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Arugam Bay Voti
Qualità su una buona giornata: 3.3
Coerenza del surf: 2.7
Livello di difficoltà: 2.9
Wind e kite surf: 3.8
Folle: 2.3

Overall: 3.1

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Surf Report Feed

Arugam Bay Swell Statistics, Febbraio: All Swell – Any Wind

This image illustrates the variation of swells directed at Arugam Bay over a normal February and is based upon 2664 NWW3 model predictions since 2007 (values every 3 hours). The wave model does not forecast wind or surf right at the coast so we have chosen the optimum grid node based on what we know about Arugam Bay. In the case of Arugam Bay, the best grid node is 42 km away (26 miles).

The rose diagram shows the distribution of swell sizes and swell direction, while the graph at the bottom shows the same thing without direction information. Five colours represent increasing wave sizes. Very small swells of less than 0.5m (1.5 feet) high are shown in blue. These were forecast only 61% of the time. Green and yellow show increasing swell sizes and largest swells greater than >3m (>10ft) are shown in red. In both graphs, the area of any colour is proportional to how commonly that size swell was forecast.

The diagram implies that the most common swell direction, shown by the largest spokes, was SSE, whereas the the most common wind blows from the NE. Because the wave model grid is out to sea, sometimes a strong offshore wind blows largest waves away from Arugam Bay and offshore. We group these with the no surf category of the bar chart. To avoid confusion we don't show these in the rose diagram. Because wind determines whether or not waves are clean enough to surf at Arugam Bay, you can load a different image that shows only the swells that were forecast to coincide with glassy or offshore wind conditions. During a typical February, swells large enough to cause surfable waves at Arugam Bay run for about 39% of the time.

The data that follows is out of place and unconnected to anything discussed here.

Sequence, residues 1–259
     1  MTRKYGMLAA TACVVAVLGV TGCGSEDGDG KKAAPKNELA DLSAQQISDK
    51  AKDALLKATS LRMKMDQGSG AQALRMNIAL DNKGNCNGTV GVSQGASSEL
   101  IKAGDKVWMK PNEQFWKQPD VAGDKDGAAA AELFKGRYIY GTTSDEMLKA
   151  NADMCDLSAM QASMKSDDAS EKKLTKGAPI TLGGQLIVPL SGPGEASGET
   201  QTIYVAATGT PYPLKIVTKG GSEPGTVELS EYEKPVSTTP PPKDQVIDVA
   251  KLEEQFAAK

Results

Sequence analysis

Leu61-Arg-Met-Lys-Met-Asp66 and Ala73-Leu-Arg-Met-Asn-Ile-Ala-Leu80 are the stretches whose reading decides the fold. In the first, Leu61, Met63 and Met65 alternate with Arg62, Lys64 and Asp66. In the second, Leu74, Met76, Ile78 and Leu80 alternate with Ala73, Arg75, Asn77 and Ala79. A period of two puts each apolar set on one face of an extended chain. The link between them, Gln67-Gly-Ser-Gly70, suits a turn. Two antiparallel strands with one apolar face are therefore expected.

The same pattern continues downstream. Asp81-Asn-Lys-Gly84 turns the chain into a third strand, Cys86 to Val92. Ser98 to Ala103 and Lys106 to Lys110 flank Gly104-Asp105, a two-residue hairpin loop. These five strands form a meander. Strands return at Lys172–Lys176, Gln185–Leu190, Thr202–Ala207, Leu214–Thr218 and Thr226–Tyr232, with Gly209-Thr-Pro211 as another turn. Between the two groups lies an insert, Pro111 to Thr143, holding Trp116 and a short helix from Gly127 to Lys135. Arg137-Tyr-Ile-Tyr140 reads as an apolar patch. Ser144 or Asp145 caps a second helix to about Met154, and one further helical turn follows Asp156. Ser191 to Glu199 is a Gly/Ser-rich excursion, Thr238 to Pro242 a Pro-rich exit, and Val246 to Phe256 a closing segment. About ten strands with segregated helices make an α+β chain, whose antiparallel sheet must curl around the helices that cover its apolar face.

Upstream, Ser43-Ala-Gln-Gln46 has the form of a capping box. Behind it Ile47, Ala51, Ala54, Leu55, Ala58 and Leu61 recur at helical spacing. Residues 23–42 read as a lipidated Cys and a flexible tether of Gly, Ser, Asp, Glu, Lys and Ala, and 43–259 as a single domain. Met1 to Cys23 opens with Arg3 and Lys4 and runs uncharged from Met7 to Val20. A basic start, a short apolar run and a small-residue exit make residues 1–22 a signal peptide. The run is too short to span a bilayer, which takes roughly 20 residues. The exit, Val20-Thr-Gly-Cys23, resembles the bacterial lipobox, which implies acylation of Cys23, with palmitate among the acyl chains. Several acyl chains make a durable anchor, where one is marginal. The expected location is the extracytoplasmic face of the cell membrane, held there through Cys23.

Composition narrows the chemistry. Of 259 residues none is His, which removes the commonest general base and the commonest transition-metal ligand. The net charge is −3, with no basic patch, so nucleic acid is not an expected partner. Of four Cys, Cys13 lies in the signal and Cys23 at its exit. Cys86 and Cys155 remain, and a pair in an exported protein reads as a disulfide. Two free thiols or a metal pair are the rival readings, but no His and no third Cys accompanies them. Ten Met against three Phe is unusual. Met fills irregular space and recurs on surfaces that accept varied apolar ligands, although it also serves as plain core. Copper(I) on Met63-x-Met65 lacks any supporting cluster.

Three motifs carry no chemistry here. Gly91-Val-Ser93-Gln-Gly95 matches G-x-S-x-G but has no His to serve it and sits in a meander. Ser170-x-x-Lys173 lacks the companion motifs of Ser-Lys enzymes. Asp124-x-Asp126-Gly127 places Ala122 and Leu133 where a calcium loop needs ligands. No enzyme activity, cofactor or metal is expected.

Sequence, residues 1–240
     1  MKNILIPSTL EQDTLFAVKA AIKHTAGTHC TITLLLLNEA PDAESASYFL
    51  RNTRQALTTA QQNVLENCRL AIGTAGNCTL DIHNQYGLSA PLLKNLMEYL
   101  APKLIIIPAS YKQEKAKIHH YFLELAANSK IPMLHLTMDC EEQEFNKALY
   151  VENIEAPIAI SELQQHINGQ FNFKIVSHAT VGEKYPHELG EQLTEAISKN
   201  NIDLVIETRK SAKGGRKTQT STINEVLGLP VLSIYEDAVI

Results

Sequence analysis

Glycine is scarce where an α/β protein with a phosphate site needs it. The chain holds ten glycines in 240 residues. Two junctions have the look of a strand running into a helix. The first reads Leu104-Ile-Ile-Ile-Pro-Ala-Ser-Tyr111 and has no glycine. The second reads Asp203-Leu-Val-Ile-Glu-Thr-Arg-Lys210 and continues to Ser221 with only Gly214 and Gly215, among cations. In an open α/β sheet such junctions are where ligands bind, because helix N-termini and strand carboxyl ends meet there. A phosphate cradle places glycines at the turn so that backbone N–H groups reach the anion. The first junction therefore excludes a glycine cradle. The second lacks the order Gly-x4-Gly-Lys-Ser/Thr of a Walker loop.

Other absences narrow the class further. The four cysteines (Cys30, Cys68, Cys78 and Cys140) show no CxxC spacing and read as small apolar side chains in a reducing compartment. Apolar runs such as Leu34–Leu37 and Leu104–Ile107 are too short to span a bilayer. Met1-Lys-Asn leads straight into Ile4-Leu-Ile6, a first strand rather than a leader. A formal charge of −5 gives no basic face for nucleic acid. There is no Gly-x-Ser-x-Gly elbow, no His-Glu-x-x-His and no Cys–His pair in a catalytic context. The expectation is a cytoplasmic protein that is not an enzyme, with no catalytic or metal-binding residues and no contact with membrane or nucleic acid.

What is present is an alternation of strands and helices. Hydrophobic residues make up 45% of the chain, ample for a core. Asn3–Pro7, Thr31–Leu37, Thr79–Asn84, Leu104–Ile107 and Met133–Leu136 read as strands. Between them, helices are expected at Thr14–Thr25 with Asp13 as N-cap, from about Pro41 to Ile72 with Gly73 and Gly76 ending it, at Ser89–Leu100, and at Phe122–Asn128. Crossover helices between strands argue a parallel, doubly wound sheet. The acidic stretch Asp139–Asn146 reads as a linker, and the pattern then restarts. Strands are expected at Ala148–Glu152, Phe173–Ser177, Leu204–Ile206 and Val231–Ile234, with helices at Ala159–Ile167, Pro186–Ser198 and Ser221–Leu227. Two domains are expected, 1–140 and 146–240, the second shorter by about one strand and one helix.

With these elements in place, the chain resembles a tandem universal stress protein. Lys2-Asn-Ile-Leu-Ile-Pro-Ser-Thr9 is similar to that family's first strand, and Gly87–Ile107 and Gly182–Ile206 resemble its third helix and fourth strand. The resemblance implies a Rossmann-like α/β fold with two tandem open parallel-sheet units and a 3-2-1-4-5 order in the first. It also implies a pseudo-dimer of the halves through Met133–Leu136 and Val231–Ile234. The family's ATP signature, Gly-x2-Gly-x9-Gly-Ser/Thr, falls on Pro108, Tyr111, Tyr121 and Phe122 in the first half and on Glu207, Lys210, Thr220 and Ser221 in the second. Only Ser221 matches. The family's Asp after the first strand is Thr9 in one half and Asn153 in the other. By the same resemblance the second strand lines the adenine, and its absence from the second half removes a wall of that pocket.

IMPORTANT: Beta version feature! Swell heights are open water values from NWW3. There is no attempt to model near-shore effects. Coastal wave heights will generally be less, especially if the break does not have unobstructed exposure to the open ocean.

FEATURE UPDATE: we now show red swell icons for 'open sea' swells that are travelling in an unfavourable direction for the surf break. In places, these swells may still wrap around coastlines and produce smaller waves at some breaks. They are also significant for windsurfers and other water users that tend to venture further off-shore.